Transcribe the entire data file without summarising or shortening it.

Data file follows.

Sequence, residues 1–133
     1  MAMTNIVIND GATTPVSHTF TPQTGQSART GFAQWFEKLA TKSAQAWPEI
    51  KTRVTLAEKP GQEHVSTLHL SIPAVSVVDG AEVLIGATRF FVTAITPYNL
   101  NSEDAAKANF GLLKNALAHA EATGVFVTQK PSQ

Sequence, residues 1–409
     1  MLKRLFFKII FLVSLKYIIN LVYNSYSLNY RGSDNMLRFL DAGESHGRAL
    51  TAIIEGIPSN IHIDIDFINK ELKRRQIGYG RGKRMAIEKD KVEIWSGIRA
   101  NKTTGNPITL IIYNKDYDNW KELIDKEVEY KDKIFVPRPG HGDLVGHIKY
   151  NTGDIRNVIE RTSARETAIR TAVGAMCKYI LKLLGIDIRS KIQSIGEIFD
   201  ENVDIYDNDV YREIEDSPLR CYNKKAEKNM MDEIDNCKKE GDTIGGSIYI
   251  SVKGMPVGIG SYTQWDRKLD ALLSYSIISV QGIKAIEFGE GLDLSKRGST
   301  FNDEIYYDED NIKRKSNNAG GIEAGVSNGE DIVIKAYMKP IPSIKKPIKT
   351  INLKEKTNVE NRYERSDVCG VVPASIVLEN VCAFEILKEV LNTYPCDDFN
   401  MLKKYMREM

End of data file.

Sequence, residues 1–133
     1  MAMTNIVIND GATTPVSHTF TPQTGQSART GFAQWFEKLA TKSAQAWPEI
    51  KTRVTLAEKP GQEHVSTLHL SIPAVSVVDG AEVLIGATRF FVTAITPYNL
   101  NSEDAAKANF GLLKNALAHA EATGVFVTQK PSQ

Sequence, residues 1–409
     1  MLKRLFFKII FLVSLKYIIN LVYNSYSLNY RGSDNMLRFL DAGESHGRAL
    51  TAIIEGIPSN IHIDIDFINK ELKRRQIGYG RGKRMAIEKD KVEIWSGIRA
   101  NKTTGNPITL IIYNKDYDNW KELIDKEVEY KDKIFVPRPG HGDLVGHIKY
   151  NTGDIRNVIE RTSARETAIR TAVGAMCKYI LKLLGIDIRS KIQSIGEIFD
   201  ENVDIYDNDV YREIEDSPLR CYNKKAEKNM MDEIDNCKKE GDTIGGSIYI
   251  SVKGMPVGIG SYTQWDRKLD ALLSYSIISV QGIKAIEFGE GLDLSKRGST
   301  FNDEIYYDED NIKRKSNNAG GIEAGVSNGE DIVIKAYMKP IPSIKKPIKT
   351  INLKEKTNVE NRYERSDVCG VVPASIVLEN VCAFEILKEV LNTYPCDDFN
   401  MLKKYMREM